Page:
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  • Clockmaker

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    Woodcut of early modern clockmakers, 1568 Timothy Mason longcase clock movement with striking mechanism, c. 1730 A clockmaker is an artisan who makes and/or repairs clocks. Since almost all clocks are now factory-made, most modern clockmakers only repair clocks. Modern clockmakers may be employed by jewellers, antique shops, and places devoted strictly to repairing clocks and watches. Clockmakers must be able to read blueprints and instructions for numerous types of clocks and time pieces that vary from antique clocks to modern time pieces in order to fix and make clocks or watches. The trade requires fine motor coordination as clockmakers must frequently work on devices with small gears and fine machinery. Originally, clockmakers were master craftsmen who designed and built clocks by hand. Since modern clockmakers are required to repair antique, handmade or one-of-a-kind clocks for which parts are not available, they must have some of the design and fabrication abilities of the original craftsmen. A qualified clockmaker can typically design and make a missing piece for a clock without access to the original component.

  • Torsion pendulum clock

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    Anniversary clock made by S. Haller & Sohne Co. Kundo reverts here. For other use, see Kundo (disambiguation)A torsion pendulum clock, more commonly known as an anniversary clock or 400-day clock, is a mechanical clock which keeps time with a mechanism called a torsion pendulum. This is a weighted disk or wheel, often a decorative wheel with 3 or 4 chrome balls on ornate spokes, suspended by a thin wire or ribbon called a torsion spring (also known as "suspension spring"). The torsion pendulum rotates about the vertical axis of the wire, twisting it, instead of swinging like an ordinary pendulum. The force of the twisting torsion spring reverses the direction of rotation, so the torsion pendulum oscillates slowly, clockwise and counterclockwise. The clock's gears apply a pulse of torque to the top of the torsion spring with each rotation to keep the wheel going. The wheel and torsion spring function similarly to a watch's balance wheel and hairspring, as a harmonic oscillator to control the rate of the clock's hands.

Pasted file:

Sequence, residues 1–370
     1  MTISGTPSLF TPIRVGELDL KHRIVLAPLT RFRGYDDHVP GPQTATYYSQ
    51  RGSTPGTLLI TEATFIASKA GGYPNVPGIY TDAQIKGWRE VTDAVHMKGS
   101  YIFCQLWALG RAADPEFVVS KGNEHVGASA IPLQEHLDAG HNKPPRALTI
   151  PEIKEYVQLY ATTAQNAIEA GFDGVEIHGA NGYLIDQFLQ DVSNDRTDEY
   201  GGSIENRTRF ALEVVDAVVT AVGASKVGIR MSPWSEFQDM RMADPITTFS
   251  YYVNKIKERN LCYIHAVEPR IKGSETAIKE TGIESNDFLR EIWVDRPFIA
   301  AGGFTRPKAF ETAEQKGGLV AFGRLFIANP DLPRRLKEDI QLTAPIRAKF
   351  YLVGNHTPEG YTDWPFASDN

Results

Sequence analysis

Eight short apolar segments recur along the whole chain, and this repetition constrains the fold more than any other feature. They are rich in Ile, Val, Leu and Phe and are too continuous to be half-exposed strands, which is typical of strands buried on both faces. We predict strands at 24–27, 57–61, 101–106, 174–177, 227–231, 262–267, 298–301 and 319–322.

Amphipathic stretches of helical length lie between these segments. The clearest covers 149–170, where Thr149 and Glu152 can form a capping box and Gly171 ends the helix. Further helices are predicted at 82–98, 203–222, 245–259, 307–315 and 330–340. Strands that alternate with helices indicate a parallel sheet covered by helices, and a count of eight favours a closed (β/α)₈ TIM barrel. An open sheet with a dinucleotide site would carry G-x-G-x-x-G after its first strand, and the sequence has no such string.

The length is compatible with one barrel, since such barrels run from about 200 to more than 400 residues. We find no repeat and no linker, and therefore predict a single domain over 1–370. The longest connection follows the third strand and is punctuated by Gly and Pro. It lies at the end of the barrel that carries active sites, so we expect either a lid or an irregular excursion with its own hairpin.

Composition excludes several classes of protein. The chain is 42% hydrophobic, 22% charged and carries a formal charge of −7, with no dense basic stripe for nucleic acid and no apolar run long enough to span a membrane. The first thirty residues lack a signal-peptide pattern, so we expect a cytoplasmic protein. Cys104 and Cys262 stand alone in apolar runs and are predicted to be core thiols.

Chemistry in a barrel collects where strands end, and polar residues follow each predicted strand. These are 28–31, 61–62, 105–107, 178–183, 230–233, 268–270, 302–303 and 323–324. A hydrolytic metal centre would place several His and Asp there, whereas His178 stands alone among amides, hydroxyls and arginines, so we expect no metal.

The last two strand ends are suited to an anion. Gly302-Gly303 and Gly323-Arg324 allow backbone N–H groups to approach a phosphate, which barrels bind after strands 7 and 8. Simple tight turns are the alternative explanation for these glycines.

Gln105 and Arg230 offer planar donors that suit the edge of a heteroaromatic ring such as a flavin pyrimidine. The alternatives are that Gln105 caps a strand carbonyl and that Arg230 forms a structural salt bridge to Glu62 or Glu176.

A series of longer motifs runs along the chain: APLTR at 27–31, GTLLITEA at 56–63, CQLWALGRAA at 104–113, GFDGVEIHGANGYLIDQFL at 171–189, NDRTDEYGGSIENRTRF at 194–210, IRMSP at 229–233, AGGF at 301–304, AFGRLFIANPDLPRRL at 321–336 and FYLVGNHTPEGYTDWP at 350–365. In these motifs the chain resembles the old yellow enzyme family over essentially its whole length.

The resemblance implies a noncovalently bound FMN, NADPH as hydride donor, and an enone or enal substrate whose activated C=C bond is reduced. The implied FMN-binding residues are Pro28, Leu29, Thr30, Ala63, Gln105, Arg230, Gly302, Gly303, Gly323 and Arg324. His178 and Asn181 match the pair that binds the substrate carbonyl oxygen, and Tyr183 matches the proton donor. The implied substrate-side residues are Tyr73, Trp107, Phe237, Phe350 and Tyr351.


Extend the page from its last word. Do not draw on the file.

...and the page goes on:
• Verge escapement

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    The verge (or crown wheel) escapement is the earliest known type of mechanical escapement, the mechanism in a mechanical clock that controls its rate by allowing the gear train to advance at regular intervals or 'ticks'. Its origin is unknown. Verge escapements were used from the 14th century until the mid 19th century in clocks and pocketwatches. The name verge comes from the Latin virga, meaning stick or rod. Its invention is important in the history of technology, because it made possible the development of all-mechanical clocks. This caused a shift from measuring time by continuous processes, such as the flow of liquid in water clocks, to repetitive, oscillatory processes, such as the swing of pendulums, which had the potential to be more accurate. Oscillating timekeepers are used in all modern timepieces.

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